Recently, some makers of Manufactured homes have created Manufactured/Modular Hybrid homes which they claim to be “On-Frame Modular homes.” These so called Hybrids are typically built with lower quality materials to make them more affordable, yet built to the minimum local and state codes (instead of the “HUD Code”) so that they can be marketed as Modular, and thus can be sold & financed as “real property.” They are not true Manufactured homes, nor are they true Modular homes. Like typical Manufactured homes, these Hybrids are built on permanent steel frames. Most lending institutions and local planning offices have become wise to their effort, however. If a home has a permanently attached steel frame, they may still be treated as Manufactured homes, even though they may be code-compliant enough to technically pass as a Modular home. Due to their steel frame construction, these Hybrids can never be more than single story structures.
Note that 2/3rds of all states allow an owner to “de-title” a Manufactured home, and have it designated as real property. This allows the home and the land it rests on to be secured with a traditional mortgage (and to give the property additional legal protections afforded real property, which are not given to “personal property”; see https://nclc.org/images/pdf/manufactured_housing/cfed-titling-homes.pdf for more details). While standards vary from state to state, one common requirement is that the Manufactured home be affixed to a permanent foundation.
In North Carolina the state law allowing this is detailed under NC Code – General Statutes § 20-109.2 (see https://law.justia.com/codes/north-carolina/2005/chapter_20/gs_20-109.2.html). If a Manufactured home is fixed to a permanent foundation and “de-titled”, it can secure mortgages offered under FHA, VA and USDA programs, as well as some conventional loans. Manufactured homes are typically less expensive than Site-Built and Modular homes. They can also be moved from location to location (although, with larger Mobile homes, this can be an expensive and complicated undertaking, because special permits are required, and professional movers needed).
Identifying Site-Built, Modular and Manufactured Home Construction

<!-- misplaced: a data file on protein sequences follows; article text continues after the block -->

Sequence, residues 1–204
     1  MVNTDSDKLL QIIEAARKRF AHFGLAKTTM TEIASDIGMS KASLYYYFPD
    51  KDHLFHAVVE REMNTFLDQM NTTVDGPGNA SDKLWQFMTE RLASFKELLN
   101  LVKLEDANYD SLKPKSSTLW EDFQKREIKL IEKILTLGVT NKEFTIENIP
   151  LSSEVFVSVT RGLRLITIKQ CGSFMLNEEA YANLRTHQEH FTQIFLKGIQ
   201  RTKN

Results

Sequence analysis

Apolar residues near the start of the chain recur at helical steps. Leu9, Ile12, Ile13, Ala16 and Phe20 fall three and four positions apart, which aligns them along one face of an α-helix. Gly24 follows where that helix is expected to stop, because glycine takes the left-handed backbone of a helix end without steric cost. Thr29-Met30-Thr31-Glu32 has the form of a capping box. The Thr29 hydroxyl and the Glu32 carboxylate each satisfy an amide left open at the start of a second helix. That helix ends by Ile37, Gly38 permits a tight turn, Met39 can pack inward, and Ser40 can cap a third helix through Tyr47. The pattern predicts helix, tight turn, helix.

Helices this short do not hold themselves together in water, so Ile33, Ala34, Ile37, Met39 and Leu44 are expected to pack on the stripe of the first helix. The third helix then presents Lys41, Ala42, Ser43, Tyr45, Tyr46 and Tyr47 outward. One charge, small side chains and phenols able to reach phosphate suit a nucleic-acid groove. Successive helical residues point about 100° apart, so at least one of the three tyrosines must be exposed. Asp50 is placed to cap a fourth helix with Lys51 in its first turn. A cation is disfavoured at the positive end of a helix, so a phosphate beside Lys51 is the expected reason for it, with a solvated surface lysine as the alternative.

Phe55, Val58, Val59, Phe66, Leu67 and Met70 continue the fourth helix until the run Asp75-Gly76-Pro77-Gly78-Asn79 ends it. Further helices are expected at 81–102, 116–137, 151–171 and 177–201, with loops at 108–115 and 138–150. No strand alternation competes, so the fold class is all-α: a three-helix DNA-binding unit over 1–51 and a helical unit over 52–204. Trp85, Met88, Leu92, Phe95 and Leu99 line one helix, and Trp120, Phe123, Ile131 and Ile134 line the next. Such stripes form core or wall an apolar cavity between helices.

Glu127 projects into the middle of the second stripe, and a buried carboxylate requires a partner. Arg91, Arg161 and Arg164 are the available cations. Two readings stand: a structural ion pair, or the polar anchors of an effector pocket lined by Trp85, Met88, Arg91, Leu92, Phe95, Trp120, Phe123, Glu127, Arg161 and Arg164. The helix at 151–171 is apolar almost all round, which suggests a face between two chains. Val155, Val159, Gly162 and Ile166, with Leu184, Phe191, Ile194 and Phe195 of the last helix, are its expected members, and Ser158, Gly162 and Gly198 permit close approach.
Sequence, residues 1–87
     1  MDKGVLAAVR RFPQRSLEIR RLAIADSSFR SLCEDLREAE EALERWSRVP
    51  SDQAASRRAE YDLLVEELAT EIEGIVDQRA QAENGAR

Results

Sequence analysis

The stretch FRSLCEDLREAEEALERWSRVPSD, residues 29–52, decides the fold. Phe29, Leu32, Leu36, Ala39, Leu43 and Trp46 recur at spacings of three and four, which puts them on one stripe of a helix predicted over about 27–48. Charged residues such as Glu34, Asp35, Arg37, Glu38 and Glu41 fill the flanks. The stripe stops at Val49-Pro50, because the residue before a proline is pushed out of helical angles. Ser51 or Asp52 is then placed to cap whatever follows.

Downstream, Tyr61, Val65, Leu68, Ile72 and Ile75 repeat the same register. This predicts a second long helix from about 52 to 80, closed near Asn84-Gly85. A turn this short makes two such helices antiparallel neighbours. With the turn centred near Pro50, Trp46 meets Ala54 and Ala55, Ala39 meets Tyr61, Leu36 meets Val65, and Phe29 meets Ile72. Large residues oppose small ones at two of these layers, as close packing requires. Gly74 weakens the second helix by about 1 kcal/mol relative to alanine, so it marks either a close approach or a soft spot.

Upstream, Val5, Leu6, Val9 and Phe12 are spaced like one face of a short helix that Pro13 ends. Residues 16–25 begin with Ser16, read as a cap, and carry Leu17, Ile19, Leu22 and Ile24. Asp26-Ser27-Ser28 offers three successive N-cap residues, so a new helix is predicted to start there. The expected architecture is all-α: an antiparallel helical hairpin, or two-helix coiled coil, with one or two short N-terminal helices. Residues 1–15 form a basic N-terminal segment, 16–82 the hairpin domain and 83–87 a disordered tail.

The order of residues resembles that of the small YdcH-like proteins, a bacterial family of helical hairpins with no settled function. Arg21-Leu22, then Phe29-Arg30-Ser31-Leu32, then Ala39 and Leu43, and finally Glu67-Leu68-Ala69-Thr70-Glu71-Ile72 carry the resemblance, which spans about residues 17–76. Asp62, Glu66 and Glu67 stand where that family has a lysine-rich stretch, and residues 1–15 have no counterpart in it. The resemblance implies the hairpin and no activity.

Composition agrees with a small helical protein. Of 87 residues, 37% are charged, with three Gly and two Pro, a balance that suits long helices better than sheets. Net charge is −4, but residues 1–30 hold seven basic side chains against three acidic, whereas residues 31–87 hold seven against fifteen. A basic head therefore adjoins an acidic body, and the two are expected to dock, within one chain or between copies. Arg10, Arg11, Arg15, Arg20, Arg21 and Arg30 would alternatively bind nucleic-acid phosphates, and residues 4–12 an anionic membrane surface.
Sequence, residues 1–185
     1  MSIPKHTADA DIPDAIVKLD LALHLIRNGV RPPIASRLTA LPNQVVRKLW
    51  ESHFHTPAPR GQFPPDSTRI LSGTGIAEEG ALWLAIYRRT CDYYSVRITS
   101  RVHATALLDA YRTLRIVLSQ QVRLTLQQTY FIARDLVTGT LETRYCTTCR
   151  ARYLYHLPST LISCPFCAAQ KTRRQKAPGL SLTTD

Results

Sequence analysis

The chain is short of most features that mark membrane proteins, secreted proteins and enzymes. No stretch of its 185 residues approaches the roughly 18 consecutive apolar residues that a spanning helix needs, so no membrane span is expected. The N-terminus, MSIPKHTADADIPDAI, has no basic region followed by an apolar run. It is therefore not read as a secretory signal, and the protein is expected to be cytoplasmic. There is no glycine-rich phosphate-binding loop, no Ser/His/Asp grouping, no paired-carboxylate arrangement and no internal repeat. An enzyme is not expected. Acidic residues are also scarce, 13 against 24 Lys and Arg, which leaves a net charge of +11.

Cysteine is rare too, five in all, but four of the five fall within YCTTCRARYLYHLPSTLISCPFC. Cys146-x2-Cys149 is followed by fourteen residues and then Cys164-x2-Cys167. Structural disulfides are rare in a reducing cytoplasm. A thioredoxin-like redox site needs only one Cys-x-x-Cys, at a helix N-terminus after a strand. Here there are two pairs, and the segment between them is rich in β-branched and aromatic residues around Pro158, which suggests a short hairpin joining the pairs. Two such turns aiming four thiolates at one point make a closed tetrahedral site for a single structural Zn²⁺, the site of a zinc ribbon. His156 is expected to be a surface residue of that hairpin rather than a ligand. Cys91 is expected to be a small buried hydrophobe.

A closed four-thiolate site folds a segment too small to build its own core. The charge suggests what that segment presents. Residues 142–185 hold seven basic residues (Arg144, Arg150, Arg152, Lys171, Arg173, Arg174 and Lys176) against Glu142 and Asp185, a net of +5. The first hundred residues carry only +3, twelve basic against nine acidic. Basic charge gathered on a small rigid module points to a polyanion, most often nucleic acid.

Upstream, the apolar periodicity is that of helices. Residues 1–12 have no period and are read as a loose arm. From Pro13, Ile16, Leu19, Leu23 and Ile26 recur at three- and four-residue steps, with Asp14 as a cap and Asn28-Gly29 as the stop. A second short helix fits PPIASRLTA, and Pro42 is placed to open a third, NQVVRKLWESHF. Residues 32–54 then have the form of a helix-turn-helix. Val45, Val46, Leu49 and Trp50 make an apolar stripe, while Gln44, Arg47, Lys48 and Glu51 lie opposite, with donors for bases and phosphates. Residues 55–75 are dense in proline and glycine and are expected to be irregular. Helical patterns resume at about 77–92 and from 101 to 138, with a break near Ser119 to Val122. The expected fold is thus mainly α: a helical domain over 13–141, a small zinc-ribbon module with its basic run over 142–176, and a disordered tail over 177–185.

Identifying Site-Built, Modular and Manufactured home construction can be a challenge. Once placed on their permanent foundations, and fully installed, it is difficult to tell Site-Built homes from Modular homes, given that they are built in much the same way, using similar materials. All prefabricated sections of a Modular home, however, should have a metal tag on the outside of each section (as well as other tags located under kitchen cabinets [under the sink] or in bedroom closets) or may be found inside the electrical panel box. These metal tags should include the name of the company that built the home, where it was prefabricated, and the date it was completed in the factory.
Manufactured homes are easier to identify, however, as they are built to the HUD Code, and are on a fixed metal chassis. The existence of a “metal chassis” is an important distinction in the financing of a home (the aforementioned “on-frame” verses “off-frame” substructure). A quick look “under the hood” will reveal the very different foundations. Manufactured homes must contain the “HUD Tag” required by the HUD Code identifying it as a Manufactured home. These tags can be found variously under the kitchen sink cabinet, in the master bedroom closet, near the back door, and/or in the electrical box, or even on the exterior of the home in newer models (1976 forward). The VIN will be called a “manufacturer’s serial number” on the HUD Tag. On older Manufactured homes (prior to June 1976), it can be harder to find, as the law requiring such universal labeling had not been in place. Original labeling may have been covered over with new siding, through remodel efforts, or even removed entirely. In such cases, a visual inspection of the foundation and chassis areas will be required in order to determine if it is “on-frame” (metal chassis framework) or “off-frame” construction (standard flooring not employing a metal chassis); for more information, see http://co.teller.co.us/assessor/ModularManufacturedORMobileHomes.pdf).
Things to Think About When Buying a Home:
Some areas have not yet approved Modular housing, and thus this form of construction may not be allowed in your area (check with your local building and planning authorities). This exclusion is becoming less common, however, as Modular homes gain greater acceptance. Many areas restrict Manufactured homes and some restrict Modular homes, allowing them only in certain areas (developments specifically designed for them, or rural areas). Reasons typically given for these restrictions include depreciation concerns tied to the limited life-cycle of Manufactured housing or architectural reviews of Home Owner’s Associations. Be sure to check to make sure they are allowed on the land you intend to purchase by having your real estate agent check for Covenants and Restrictions recorded with the Register of Deeds and/or city and county zoning restrictions. Check out this page for links to area Registers of Deeds.
Because Modular and Manufactured homes are lumped together within our public record system, selling your Modular home can be a challenge because home buyers searching top real estate websites may only see the type of construction labeled as manufactured, when in fact, the home is a Modular home. A knowledgeable real estate agent can help clear up such misunderstandings, and assure top value for your property.